Friday, June 5, 2009

"Sock" by Penn Jillette

First off, I must admit that I had no idea Penn Jillette of Penn & Teller fame had written a book. I was very happy and excited to find this - it meant a book for my hubby to read and I really wanted to read it myself. And, as is usual of strange writing, we had very different opinions about said book when we were done. Namely that hubby really liked it, and I was really disappointed by it.

The story is a basic murder-mystery on the surface. A police diver (the guys that fish corpses out of the water) is doing his duty yet again when he pulls out the body of a former girlfriend. Struck by her death, he decides to investigate and find her killer. He enlists the help of a mutual friend, and they take off to track down the bad guy, thus avenging the girl.

Except this being Penn, nothing is normal here. First off, the story is not narrated by the diver but by his childhood toy, a sock monkey. The diver is referred to as "Little Fool" by Sock through the entire book, and at times, I almost felt like Penn was referring to me, the reader, in the same way. Reading the rantings of Sock made it very, very hard for me to get through this book; while the plot is basically an A-to-B-to-C, it doesn't feel that way. The monkey makes comments about anything and everything, very much like a stream-of-consciousness point of view. And just about every single paragraph ends with a reference to a pop-song or some other catch-phrase from pop culture, which was a bit disruptive in my opinion.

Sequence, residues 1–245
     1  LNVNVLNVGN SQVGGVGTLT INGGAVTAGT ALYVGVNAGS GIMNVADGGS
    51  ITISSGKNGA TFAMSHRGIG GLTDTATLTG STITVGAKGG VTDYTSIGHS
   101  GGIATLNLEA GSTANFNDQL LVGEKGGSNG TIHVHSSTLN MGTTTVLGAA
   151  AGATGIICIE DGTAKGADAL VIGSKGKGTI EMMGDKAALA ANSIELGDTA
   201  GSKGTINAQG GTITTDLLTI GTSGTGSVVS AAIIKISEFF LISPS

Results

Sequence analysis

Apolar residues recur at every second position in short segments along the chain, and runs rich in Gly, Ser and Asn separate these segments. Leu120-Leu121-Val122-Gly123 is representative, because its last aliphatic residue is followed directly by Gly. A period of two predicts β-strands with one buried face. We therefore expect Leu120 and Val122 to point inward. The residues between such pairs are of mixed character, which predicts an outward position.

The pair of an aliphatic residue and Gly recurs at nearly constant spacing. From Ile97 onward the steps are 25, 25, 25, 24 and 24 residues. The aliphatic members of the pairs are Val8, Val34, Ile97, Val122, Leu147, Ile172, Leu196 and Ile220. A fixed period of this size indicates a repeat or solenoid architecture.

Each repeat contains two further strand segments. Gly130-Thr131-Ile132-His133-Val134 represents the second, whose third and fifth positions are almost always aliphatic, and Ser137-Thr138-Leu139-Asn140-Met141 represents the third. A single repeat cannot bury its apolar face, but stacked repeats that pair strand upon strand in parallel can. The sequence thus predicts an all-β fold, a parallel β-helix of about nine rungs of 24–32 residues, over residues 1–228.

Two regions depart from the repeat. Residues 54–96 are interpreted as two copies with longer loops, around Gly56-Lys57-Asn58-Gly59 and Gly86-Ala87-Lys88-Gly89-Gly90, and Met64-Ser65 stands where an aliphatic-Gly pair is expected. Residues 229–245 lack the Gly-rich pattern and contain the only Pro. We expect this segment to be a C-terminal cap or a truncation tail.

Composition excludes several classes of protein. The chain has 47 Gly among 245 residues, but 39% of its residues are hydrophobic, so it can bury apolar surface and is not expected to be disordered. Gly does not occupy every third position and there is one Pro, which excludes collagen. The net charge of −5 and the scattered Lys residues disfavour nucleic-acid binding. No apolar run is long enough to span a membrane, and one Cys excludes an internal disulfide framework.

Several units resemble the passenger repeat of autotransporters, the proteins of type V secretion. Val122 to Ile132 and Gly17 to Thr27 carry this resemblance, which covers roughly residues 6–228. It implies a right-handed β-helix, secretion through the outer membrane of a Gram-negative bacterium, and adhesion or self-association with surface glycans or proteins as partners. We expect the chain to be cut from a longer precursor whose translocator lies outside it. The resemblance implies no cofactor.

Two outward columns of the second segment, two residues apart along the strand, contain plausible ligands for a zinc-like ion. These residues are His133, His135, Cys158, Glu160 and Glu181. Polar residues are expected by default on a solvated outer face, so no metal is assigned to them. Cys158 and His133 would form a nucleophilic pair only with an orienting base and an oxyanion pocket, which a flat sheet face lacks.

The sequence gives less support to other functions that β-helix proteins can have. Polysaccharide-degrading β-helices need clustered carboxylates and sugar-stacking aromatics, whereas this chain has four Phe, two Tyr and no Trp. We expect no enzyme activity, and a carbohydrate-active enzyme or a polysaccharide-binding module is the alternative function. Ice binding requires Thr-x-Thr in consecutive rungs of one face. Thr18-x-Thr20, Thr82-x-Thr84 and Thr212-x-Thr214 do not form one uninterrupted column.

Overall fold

Penn is making comments about lots of things in this book, but probably the biggest one is about the existence of God. Yeah, I know - it's there, trust me. It's just not an overt way to make the commentary, and I think that it gets lost in the jumbled rantings of Sock. Overall, I found the characters to be difficult to relate to, the plot to be a bit thin, and Sock to be just outright annoying. I wish I had enjoyed this book as much as my hubby. He kept telling me to keep in mind who wrote it, which does explain a lot. But it doesn't make it a good book.

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